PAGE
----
sigh. So, you see, this is exactly what I am talking about.Serious hard SciFi, anything set past 2100, players probably will never be in charge of a ship... if the ship isn't an AI, it's still likely to be able to inform of the range and fuel status for overtake fast, and won't let them do suicidal courses (including no-return) so that really is pretty irrelevant, with a knowledgeable and fair GM.
Orbital mechanics are not the only example, but they are a great one, because they are a study about how our intuition fails us. Yes, of course, the players can be made aware of things that will be immediately suicidal, and choose not to do it. But, orbital mechanics are a study in very strict budgeting. People who live on the ground do not realize how much that choice will restrict future choices. And it is that restriction that can be disastrous.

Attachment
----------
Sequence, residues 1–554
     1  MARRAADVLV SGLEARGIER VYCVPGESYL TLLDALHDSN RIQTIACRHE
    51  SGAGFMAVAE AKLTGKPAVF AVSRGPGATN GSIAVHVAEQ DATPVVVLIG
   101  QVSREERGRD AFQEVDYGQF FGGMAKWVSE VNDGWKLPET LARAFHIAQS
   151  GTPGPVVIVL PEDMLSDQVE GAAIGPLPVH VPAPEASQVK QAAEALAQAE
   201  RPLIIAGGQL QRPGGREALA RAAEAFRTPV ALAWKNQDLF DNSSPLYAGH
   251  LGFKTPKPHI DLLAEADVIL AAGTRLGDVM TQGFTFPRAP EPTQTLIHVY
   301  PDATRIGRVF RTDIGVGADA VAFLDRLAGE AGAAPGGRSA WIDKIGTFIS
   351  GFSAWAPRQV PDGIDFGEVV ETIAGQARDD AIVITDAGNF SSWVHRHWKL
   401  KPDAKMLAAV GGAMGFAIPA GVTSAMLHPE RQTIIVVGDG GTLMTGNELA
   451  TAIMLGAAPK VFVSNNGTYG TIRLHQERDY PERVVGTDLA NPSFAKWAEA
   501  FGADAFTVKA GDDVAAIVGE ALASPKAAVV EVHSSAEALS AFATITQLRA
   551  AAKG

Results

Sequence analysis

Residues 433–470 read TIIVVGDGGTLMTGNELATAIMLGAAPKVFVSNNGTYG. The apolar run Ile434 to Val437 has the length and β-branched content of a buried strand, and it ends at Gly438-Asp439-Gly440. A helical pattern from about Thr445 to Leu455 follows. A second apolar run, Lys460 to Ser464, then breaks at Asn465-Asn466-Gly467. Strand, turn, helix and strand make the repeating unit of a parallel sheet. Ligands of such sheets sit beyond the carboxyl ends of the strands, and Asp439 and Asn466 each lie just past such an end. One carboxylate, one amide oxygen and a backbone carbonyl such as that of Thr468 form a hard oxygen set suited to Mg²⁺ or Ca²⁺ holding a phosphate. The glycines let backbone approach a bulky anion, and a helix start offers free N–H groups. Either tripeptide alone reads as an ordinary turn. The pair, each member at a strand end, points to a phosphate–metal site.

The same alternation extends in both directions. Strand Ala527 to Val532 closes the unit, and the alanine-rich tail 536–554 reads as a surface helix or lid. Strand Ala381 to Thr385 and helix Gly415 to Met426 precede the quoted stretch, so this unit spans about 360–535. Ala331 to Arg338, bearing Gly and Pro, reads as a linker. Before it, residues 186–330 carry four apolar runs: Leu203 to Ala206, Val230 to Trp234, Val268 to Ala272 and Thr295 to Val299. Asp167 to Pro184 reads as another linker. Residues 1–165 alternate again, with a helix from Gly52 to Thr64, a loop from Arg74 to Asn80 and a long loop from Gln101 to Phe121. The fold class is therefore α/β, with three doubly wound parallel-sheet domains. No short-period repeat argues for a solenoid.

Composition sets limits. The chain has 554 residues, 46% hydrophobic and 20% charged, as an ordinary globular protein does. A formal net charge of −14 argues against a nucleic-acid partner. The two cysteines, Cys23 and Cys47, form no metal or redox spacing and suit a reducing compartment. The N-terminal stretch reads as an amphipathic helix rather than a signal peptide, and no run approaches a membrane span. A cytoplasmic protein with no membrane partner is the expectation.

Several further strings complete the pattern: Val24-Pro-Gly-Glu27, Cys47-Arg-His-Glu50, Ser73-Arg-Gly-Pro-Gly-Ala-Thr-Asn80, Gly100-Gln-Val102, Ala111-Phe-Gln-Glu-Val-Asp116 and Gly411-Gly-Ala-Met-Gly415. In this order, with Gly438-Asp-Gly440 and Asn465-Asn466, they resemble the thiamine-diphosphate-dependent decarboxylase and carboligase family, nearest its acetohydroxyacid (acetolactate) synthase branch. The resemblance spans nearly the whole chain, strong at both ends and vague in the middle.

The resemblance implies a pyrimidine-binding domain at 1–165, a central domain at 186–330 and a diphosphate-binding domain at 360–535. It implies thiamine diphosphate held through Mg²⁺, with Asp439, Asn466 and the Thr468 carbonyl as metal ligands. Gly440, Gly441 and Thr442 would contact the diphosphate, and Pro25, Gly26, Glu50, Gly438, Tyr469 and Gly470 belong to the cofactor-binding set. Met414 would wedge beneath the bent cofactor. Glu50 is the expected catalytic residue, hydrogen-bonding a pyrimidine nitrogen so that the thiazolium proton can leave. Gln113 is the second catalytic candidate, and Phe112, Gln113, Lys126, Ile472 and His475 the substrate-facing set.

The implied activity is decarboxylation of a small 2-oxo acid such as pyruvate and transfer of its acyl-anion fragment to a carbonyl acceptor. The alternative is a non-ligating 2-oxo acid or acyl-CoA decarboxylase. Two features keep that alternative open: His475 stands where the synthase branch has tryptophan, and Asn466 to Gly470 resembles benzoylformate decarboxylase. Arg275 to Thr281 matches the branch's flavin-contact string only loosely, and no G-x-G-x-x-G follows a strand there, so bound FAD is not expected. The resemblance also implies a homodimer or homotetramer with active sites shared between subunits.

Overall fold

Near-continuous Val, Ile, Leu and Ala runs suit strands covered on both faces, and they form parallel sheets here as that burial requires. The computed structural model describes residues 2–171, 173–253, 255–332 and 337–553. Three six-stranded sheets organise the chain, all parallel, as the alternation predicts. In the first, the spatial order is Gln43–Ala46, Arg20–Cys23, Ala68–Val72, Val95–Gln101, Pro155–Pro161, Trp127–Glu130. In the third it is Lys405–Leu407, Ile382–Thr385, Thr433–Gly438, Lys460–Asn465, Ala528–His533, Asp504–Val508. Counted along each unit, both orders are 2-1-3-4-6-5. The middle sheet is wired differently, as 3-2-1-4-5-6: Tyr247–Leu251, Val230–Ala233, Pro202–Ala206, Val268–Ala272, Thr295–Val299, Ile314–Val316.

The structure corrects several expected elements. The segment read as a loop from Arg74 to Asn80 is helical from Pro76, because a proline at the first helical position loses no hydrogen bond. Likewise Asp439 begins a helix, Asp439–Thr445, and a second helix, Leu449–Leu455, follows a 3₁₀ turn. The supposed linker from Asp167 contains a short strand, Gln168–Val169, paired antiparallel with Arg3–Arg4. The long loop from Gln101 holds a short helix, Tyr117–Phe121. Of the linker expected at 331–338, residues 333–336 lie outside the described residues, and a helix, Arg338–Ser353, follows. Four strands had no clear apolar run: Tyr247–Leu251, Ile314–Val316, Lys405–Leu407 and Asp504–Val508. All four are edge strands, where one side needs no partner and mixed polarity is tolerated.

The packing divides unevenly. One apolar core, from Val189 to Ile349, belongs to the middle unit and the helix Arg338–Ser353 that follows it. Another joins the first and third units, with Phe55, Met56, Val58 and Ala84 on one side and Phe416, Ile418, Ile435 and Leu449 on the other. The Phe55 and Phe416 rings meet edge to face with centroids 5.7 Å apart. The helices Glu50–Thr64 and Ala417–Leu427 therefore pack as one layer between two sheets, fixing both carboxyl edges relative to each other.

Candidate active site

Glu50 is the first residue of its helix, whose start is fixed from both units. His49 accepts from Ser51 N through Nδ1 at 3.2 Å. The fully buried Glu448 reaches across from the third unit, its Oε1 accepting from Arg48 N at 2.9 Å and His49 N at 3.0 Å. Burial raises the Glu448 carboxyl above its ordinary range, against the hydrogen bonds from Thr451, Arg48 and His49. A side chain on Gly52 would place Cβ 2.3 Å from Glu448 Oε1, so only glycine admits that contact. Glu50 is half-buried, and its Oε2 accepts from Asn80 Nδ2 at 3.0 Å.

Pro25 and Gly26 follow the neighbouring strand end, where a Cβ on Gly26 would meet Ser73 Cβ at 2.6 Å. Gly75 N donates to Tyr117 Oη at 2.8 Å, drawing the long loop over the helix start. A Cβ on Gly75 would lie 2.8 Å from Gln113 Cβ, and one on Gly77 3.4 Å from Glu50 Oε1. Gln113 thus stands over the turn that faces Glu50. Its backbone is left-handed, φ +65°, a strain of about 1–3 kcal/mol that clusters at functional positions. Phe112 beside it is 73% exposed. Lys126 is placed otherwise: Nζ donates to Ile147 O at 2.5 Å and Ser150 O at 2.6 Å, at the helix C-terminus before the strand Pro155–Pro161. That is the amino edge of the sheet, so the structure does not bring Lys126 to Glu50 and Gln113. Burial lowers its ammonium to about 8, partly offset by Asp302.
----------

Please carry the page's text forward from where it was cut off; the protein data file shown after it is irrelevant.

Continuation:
Let us say the players make a maneuver now. They can still reach home, fine. But now they have used some of their reserves, so that later, when they need to make the huge course correction to avoid disaster... they no longer have the juice.
If it is actually a hard-science game, abstracting the issue to a die roll doesn't change that. It should, in fact, enforce that. And folks who do not understand the science will not really grok it, until it is too late.
And, as noted, this is only one example. The real world where we put sci-fi is an unforgiving place. More unforgiving than a grim'n'gritty, "I hate how fast healing is so I'm eliminating all healing magic and you heal one hit point a week" GM. It works in fiction because fiction is determined by an author. In real space, when things don't go according to plan, it isn't cool drama. You just die.
That's why I raised the point about "fair". The vacuum of space is not "fair". So, what constitutes "fair" GMing in this kind of environment?